There are 4,949,545 individual registrations

Of those registered, 0.209% looked at their MyHR in that week.

There were 21,193 new registrations. So even if that number were all the new registrations and nobody with a MyHR before that week looked at their record, less than half were interested enough to log on, look at their health record or see who had accessed it.

There were 17,244 Shared Health Summaries uploaded.

There were 15,659 Discharge Summaries uploaded.

505 Consumer Health Summaries were uploaded.

As we have been saying, there is far more interest in uploading data than looking at it and/or using it.

And I still haven't seen any data on the number of times a MyHR has been used for healthcare and/or that has saved anyone any money.

If this trend continues, MyHR will get emptier and emptier with new registrations far outstripping shared or any other summary and/or any other upload.

And one final observation.

At the beginning of July 2016 there were 2507 Shared Health Summaries uploaded per day.
For the week ending 25 June 2017 there were 2,463 Shared Health Summaries uploaded per day.

Before the opt-out trials, GPs claimed that if more people had a MyHR they would probably use it. The evidence doesn't seem to support that prediction.

Looking at the SHS upload data, the only thing that seems to impact it is the ePIP cycle. GPs are uploading SHSs to qualify for the money.

Anonymous said...

@3.21 PM ... giving the ADHA the benefit of the doubt perhaps you will find they ask you why or how "the most fundamental and most important of all system design steps" has been overlooked and what should be done to rectify the situation. It's fair to say they have a lot to learn and its reasonable to expect that they would be keen to know why you said what you have. If the ADHA is receptive to two way communications and interested enough in what you think you will probably get a call from one of their smarter operatives who monitor David's blog - and quite a few do. If not don't be too down heartened quite a few of us have been there before.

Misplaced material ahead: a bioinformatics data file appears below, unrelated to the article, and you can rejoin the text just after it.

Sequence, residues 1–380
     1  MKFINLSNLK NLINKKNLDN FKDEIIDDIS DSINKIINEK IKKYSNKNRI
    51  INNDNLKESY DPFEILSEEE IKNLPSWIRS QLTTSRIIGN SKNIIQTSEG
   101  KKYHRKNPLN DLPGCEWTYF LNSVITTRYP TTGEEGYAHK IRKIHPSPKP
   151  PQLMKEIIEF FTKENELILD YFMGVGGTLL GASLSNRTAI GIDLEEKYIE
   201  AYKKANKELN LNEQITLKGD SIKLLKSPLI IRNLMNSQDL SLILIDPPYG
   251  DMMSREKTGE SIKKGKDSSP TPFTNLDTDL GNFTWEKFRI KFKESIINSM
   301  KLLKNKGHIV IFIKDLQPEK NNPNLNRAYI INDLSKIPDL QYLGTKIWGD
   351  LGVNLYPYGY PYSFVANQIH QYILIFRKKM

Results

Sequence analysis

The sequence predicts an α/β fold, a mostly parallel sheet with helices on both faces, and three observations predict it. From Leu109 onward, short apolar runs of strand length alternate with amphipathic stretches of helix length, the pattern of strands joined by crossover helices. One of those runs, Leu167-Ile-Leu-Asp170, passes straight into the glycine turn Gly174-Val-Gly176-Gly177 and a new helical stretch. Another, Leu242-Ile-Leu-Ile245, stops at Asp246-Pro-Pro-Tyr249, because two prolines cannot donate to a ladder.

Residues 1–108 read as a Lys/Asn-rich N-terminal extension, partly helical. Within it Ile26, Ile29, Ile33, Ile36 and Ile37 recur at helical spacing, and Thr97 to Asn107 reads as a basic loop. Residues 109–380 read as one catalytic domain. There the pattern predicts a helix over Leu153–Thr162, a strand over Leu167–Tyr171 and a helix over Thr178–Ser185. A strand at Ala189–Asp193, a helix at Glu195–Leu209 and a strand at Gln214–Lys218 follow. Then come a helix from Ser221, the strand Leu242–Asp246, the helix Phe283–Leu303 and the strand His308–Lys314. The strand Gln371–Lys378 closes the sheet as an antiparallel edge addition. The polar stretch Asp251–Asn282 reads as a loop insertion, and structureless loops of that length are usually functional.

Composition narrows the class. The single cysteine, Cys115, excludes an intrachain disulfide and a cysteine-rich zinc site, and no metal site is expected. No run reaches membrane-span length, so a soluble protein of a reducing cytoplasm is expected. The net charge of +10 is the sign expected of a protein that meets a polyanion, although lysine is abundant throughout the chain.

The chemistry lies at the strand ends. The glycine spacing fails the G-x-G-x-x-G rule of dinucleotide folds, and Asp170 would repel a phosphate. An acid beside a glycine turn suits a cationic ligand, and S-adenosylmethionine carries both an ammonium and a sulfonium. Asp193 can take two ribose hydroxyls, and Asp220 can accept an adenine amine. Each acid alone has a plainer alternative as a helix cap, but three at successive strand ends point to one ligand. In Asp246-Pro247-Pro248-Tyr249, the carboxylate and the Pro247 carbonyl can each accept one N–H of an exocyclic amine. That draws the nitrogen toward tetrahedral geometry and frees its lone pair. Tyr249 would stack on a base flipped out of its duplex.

Anonymous said...

Not sure about benefit, I do though having increasing doubt.

Question: Does the Agency have a reference or draft model already defined for the "component parts of an interoperable health ecosystem"? Or does this need to be produced anew and validated within the engagement period?

Answer: No, the Agency does not have such a draft or reference model, this is considered core to the delivery. It is considered the successful tender will reference their experience in having delivered this type of framework previously.

Are these people serious? They do not even have a reference model of healthcare in Australia. I am wondering if this Agency is equiped to manage such complex problems and oversee emergent systems. Maybe we should just leave it to the States to work out.

Anonymous said...

Amateurs Dabbling in Healthcare Architecture. It's a bit disconcerting watching this Interoperability embarrassment of Tim's making. Perhaps it's best it is not mentioned again in public. I am sure once they are old enough to use crayons we can revisit it, by then the Internet of health things will have been embedded and something new will be on the table to replace it.

Anonymous said...

Give the man some credit, takes a bit to attempt to step out of ones comfort zone. I do like your spin on ADHA very apt.